Monday, March 2, 2015

Why is Scott Walker doing this to Wisconsin?

Scott Walker is stripping away from government, everything the state has built up over a century or more. He isn't even asking us. Walker is fulfilling his twisted ideological dream of small government, all at the public's expense. Yes, it will cost us dearly. 

Cutting off the state's biggest money makers, the UW and state parks, seemed crazy and surreal. It just keeps getting worse. Now with the Legislative Audit Bureau’s breakdown of Walker’s proposed plans for Wisconsin, we're getting the sinking feeling there won't be anything left once he leaves office. But the price of everything will skyrocket. Walker apparently owed the private insurance industry a big favor:
WSJ: School districts and local governments would need to turn to private insurers or start their own fund if the Legislature adopts a provision in Gov. Scott Walker’s budget that does away with a state-managed property insurance program.

The fund covers everything from street sweepers, schools, salt sheds, dogs and horses for more than 970 municipalities and school districts across the state. Shutting it down would send many units of government to the private insurance market and almost certainly lead to higher costs, said city of Madison risk manager Eric Veum.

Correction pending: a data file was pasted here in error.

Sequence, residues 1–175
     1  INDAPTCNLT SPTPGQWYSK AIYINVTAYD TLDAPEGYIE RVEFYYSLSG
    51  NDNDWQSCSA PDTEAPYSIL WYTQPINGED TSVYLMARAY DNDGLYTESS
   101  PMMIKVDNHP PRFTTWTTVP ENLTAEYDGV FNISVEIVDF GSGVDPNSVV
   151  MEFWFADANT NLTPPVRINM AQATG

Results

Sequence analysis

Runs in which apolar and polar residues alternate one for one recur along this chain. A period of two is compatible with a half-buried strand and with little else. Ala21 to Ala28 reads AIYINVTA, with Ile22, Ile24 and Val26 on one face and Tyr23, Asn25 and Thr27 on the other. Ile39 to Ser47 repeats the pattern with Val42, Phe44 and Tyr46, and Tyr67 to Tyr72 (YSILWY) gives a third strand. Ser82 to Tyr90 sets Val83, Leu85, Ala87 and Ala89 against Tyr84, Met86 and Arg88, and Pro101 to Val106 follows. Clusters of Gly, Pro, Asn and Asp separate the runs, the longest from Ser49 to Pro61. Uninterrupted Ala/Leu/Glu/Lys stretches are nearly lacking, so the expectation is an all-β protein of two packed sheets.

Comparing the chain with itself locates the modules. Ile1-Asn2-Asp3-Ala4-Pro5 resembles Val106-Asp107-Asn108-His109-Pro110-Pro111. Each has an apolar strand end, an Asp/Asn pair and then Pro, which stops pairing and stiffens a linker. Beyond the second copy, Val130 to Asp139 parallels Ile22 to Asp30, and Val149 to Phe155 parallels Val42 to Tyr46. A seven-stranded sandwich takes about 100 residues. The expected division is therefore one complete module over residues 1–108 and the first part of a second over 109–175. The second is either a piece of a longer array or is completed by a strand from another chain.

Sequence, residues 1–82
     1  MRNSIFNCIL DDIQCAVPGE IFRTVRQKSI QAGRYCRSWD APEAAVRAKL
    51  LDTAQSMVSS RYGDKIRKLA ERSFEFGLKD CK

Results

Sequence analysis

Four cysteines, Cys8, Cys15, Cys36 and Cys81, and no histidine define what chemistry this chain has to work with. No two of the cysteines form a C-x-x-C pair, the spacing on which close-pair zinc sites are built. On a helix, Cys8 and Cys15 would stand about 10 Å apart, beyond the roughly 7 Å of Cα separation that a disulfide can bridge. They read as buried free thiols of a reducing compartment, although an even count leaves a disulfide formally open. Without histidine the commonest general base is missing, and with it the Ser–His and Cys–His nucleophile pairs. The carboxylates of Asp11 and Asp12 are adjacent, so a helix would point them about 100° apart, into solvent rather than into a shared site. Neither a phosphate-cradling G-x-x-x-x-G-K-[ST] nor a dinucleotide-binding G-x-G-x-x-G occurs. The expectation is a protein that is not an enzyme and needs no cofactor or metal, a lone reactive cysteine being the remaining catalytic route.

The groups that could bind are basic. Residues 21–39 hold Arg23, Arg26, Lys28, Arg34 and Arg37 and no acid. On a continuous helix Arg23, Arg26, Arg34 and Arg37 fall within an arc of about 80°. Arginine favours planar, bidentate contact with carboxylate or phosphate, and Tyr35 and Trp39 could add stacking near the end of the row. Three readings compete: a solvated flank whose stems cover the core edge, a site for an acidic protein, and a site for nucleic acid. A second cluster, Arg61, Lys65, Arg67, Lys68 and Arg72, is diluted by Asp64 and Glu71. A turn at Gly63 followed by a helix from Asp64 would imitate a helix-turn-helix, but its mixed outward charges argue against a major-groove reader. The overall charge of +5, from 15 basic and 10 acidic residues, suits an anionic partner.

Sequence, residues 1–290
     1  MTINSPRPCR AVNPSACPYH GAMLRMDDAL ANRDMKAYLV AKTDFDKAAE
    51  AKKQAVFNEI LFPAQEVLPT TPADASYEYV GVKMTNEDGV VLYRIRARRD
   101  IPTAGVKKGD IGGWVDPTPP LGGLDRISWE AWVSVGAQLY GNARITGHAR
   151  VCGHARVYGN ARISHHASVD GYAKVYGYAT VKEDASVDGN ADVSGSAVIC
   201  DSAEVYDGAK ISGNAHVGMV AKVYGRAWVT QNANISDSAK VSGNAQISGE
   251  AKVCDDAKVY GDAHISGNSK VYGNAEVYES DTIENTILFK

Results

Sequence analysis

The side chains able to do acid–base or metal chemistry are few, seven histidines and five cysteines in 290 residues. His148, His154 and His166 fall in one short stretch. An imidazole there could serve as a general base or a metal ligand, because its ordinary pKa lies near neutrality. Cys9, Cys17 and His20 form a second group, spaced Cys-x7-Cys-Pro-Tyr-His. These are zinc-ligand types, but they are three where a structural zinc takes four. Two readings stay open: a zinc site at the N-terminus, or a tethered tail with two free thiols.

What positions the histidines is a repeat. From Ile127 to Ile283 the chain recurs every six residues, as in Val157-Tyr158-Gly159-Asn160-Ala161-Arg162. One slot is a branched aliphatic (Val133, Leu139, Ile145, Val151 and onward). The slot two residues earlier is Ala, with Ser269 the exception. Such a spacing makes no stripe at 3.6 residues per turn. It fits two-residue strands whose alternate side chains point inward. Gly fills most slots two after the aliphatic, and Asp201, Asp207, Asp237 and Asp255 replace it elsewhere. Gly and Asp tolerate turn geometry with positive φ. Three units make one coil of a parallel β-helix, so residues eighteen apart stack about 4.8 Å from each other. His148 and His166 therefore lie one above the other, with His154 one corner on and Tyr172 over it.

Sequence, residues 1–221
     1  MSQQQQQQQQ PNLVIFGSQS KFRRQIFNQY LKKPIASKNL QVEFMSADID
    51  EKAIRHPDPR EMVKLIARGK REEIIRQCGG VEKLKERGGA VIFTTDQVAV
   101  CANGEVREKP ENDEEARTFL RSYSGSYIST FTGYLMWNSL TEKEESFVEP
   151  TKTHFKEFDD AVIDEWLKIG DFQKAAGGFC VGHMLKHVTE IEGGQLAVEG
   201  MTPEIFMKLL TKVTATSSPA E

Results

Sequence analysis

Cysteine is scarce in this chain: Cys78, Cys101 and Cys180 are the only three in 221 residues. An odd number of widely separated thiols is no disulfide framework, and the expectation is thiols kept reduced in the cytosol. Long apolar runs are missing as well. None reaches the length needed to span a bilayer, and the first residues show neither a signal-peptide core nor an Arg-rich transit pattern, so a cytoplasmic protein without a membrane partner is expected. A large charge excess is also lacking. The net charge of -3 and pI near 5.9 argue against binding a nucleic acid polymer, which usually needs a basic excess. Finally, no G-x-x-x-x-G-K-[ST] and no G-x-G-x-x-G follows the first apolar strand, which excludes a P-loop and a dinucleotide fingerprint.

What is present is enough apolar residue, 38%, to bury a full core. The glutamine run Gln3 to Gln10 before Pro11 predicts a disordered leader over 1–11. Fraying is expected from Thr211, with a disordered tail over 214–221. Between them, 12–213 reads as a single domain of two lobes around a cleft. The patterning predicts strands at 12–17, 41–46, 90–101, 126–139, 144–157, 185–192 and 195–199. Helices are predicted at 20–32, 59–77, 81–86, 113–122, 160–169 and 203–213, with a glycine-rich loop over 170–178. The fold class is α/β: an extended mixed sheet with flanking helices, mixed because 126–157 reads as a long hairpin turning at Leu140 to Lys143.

The proposal orders a halt to the Local Government Property Insurance Fund … The program is managed by the state Office of the Commissioner of Insurance.
Walker's "small government" = Bigger Bills for taxpayers: The same way big business saves money with its own health insurance plans, the government created its own affordable property insurance system:
The original state property insurance fund began when “coverage was made available to counties, cities, towns, villages, school districts, and library boards in 1911 and 1913, when it was difficult for these units of government to obtain reasonably priced coverage in the private sector.” A report by the Legislative Audit Bureau (found) the fund’s premiums for many years were at a level “with which the private market could not compete, resulting in the vast majority of local units of government participating in the fund.

Curt Witynski, the league assistant director, said the proposal to eliminate the fund may have come from two fields: “I am totally guessing here … there was a request from private insurance providers who thought it was unfair competition to sell property insurance.”

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